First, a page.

What is the difference between Che cosa and Cosa?

In cases like "What am I," the correct translation can be both "Che cosa sono" and "Cosa sono," and I would like to know the difference between them, such as one of them is more formal... IDK..

September 28, 2018


你好 : )

both of them are correct and in general you can translate the interrogative pronoun "what", in direct or indirect questions, with:

  1. Che cosa e.g. Che cosa ne pensi (standard)

  2. Cosa e.g. Cosa ne pensi (abbreviation)

  3. Che e.g. Che ne pensi (abbreviation)

(What do you think about it)

however in your specific sentence to me it sounds better 1 or 2.

Traditionally, until the 19th century only Che cosa and Che were considered acceptable in the standard language, then, when famous writers decided to use Cosa , especially Alessandro Manzoni ispired by the florentine dialect (Tuscany) that had both of the short forms, that word became more general. This practice of using the shorter forms developed because people did not want to repeat the same sound "che cosa", so they preferred "Che" ( among ordinary people ) but also "Cosa" ( among cultured people ); it seems that the use of all three alternatives is already traceable in the 17th century in the "living" language.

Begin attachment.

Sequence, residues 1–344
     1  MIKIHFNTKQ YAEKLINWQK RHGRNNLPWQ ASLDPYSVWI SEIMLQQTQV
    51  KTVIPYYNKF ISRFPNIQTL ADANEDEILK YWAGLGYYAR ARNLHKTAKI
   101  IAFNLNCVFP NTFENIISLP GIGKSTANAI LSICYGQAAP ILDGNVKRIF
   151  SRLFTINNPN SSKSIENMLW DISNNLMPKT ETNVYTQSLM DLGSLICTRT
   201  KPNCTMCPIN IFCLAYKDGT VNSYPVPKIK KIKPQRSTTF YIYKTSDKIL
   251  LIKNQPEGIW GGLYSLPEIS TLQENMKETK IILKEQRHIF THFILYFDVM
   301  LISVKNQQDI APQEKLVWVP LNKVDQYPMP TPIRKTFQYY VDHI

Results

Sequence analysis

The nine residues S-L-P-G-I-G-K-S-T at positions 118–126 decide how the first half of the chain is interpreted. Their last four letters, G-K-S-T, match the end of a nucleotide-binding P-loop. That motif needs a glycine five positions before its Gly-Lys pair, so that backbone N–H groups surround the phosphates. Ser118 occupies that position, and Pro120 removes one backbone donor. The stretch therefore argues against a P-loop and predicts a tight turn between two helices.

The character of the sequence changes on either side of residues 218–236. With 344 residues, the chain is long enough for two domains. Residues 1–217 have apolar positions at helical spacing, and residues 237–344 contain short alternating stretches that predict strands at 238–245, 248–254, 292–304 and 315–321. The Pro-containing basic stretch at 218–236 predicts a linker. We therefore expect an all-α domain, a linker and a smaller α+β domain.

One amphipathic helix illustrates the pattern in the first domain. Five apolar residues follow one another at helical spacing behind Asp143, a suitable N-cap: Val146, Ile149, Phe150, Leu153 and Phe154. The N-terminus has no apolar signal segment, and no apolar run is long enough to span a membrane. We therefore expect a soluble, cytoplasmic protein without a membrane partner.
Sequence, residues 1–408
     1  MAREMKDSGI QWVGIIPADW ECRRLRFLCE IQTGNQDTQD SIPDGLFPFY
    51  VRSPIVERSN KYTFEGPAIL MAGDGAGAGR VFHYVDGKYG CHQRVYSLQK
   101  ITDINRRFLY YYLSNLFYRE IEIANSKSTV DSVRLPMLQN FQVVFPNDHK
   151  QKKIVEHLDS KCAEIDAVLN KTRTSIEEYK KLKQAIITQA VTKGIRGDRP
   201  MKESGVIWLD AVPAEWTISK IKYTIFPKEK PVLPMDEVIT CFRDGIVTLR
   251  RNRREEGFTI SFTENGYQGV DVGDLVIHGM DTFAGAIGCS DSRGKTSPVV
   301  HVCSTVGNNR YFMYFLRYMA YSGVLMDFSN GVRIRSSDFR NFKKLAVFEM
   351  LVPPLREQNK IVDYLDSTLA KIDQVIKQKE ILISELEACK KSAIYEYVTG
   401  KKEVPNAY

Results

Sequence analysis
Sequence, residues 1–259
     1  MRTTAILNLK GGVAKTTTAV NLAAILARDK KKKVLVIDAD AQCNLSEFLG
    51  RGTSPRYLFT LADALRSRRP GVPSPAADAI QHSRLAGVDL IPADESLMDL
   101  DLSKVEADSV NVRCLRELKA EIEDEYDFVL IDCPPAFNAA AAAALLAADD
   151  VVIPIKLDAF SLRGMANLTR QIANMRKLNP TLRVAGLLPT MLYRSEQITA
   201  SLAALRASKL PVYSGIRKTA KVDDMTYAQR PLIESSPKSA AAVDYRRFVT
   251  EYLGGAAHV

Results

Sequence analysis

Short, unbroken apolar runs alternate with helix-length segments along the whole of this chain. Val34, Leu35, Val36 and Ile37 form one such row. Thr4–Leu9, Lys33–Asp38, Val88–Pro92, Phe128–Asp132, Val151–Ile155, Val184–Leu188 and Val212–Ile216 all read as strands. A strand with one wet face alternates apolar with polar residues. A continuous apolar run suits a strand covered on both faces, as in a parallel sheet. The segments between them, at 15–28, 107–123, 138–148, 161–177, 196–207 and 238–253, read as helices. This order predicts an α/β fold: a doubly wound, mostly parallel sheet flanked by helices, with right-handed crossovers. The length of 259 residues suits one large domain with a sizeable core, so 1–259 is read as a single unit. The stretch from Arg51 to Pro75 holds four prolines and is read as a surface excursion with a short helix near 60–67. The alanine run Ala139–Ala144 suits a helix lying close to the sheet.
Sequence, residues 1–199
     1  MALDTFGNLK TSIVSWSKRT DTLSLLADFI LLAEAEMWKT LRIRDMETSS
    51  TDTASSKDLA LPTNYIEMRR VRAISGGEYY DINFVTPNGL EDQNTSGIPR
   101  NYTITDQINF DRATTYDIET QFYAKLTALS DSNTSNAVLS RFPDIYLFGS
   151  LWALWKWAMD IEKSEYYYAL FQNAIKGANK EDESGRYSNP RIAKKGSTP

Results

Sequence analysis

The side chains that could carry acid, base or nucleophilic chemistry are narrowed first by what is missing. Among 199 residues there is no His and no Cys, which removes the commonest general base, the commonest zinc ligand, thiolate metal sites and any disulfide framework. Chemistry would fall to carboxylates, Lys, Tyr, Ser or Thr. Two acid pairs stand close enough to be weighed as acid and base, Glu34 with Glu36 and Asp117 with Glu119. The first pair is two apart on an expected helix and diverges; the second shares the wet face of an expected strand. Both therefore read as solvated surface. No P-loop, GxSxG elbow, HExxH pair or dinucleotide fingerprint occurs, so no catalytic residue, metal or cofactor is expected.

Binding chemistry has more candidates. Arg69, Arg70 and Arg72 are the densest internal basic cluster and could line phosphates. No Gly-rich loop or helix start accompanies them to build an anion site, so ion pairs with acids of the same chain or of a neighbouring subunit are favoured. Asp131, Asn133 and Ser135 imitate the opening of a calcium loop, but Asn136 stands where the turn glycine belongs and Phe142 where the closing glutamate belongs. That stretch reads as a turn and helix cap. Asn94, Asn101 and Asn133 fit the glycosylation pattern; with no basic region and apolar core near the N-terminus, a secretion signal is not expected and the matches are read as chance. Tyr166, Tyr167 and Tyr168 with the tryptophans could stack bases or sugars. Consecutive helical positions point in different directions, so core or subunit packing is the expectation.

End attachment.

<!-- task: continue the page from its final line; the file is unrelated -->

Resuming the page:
I add that each Region of Italy is inclined to an expression rather than another, next to the normal version "Che cosa" ( basically in the North/Sardinia = "cosa", in the center and in the South = "che" ). Anyway, in according to some dictionaries Cosa is the most common expression in the spoken and written language nowadays (standard language). Concluding, I can tell you it depends on the style you want to give to your sentence, certainly Che/Cosa are more immediate rather than Che cosa, that is a little more formal and accurate. It also depends on the sentence, on the context.

September 28, 2018

depends on the region. it seems that che cosa is more formal and that cosa is quite colloquial

September 28, 2018

Thanks, that does answer my question.

September 28, 2018

Che cosa, cosa and che have the same meaning, and are theoretically interchangeable in any case.
Che cosa, being longer, usually sounds slighly more emphatic than the other two, but it can be correctly used in any sentence. Cosa is preferred by northern speakers, and is presently also the form more commonly spoken in standard Italian.
Che is the form more often spoken in central and southern areas, but it can be easily deceptive for a learner (che can also mean "that", and "which"), so for the purpose of DL's exercises you can stick with che cosa and cosa.
However, DL should consider valid any of the three, because all of them are grammatical.

September 28, 2018
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